Emerging infectious diseases – those diseases that we see occurring at new, higher rates or in new places—are important for their impacts on the health of humans, domestic animals, and wildlife around the world. In this course, we will examine the basic principles and theory of disease ecology including the distribution and environmental determinants of disease, disease control, and the medical detective work required to better understand when, where, why and how infectious diseases emerge and spread in and among human, veterinary, and wildlife systems. We will use a One Health approach to learn how interdisciplinary collaborations can create innovative solutions to health issues at the crossroads of people, animals, and the environment. The Semester at Sea voyage will allow students to study global patterns of infectious disease emergence and to witness the impacts that global environmental change is having on health and disease.
*Note: This class is delivered when lunch is served.
Field ClassCountry: Portugal
Day: 3 (Portugal) / Day 2 (Costa Rica)
Field Class 1:
Portugal, September 28
While we all know that “Water is life”, the first epidemiologist, John Snow, showed us that water can also be deadly through the transmission of deadly disease pathogens at water sources. During this first field class to the architectural marvel that is the Lisbon Aqueduct, we will consider the importance of clean water and clean ways to get water in preventing infectious diseases so that we can deepen our understanding of key concepts in epidemiology and disease transmission.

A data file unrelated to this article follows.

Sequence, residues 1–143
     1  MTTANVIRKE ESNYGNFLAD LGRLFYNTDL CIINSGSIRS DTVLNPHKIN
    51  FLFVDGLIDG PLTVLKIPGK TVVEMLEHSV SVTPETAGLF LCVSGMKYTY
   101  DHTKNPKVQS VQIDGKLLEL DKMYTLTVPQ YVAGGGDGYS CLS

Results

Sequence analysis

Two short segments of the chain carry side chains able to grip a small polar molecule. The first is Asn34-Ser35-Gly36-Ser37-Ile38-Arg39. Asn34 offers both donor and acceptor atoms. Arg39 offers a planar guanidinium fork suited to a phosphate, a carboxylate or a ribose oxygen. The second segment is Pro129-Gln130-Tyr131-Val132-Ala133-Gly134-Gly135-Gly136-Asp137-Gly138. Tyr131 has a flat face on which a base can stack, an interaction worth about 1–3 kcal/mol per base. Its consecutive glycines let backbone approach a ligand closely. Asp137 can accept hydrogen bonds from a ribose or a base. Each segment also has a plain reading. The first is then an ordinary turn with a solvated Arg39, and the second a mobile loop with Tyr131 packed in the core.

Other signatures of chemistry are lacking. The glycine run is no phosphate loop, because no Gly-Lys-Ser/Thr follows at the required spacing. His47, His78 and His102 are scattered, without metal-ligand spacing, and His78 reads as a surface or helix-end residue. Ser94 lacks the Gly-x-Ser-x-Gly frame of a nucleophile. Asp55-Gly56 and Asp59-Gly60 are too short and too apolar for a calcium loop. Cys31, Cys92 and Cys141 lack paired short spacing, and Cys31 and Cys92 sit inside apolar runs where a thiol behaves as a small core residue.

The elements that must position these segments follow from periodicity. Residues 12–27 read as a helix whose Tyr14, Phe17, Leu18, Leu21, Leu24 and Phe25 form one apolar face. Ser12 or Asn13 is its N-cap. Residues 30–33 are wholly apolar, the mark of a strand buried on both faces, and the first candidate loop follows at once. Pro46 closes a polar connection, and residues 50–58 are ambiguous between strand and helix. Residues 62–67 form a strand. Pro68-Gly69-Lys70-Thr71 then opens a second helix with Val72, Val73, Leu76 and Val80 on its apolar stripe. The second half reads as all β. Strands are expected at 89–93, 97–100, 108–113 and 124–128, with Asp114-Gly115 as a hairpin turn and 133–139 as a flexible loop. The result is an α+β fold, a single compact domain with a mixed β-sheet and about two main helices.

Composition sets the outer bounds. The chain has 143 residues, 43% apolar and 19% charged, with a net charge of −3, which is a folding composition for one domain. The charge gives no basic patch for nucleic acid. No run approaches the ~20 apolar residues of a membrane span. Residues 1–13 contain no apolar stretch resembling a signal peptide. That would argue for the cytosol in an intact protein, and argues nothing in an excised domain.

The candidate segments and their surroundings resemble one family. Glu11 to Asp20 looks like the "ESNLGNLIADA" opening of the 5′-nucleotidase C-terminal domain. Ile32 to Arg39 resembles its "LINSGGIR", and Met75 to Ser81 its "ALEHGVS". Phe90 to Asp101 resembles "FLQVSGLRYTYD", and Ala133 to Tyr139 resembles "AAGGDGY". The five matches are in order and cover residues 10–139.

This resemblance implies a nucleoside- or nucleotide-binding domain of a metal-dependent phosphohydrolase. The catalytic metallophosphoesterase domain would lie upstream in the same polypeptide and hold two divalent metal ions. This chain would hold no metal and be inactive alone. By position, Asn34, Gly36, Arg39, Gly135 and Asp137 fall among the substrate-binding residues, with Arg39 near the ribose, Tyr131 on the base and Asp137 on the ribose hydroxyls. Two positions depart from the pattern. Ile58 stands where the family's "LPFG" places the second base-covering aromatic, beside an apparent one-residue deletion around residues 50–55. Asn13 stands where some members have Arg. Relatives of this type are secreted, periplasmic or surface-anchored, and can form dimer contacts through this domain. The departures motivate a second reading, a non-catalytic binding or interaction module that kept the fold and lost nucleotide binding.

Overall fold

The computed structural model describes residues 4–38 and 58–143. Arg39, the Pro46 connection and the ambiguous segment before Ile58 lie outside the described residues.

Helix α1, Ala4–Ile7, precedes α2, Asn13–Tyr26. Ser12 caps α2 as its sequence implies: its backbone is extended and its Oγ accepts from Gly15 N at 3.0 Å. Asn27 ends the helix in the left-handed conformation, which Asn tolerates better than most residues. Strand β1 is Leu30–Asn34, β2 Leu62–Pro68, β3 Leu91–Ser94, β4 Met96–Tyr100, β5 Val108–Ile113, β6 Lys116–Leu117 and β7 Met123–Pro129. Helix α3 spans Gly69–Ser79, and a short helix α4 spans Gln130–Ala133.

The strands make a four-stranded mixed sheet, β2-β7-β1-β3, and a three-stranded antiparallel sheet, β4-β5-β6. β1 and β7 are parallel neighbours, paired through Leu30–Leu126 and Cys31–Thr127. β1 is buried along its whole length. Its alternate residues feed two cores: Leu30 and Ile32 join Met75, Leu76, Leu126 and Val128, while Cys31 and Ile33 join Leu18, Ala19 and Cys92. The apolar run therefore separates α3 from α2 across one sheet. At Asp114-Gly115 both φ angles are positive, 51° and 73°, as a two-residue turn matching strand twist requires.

Field Class 2:
Costa Rica, December 12
One Health is the concept that the health of animals, people, and the places we all share depends on an integrated approach that transcends any one discipline or group. During this field class, we will deepen our understanding of the ways that humans and animals can and do interact as these are the interfaces where shared disease transmission can occur through visits to Parque Nacional Braulio Carillo and the Toucan Rescue Ranch. During our visits, we will connect with different practitioners to talk about the challenges and rewards of working towards a ‘One Healthier’ world.
1. Collect observational data on interactions among people, wildlife, and domestic animals;
2. Reflect on the ways that these interactions can lead to infectious disease transmission;
3. Formulate an understanding of the One Health concept based on observations and conversations with practitioners; and
4. Evaluate whether One Health is a useful concept for wildlife conservation, domestic animal health, and public health.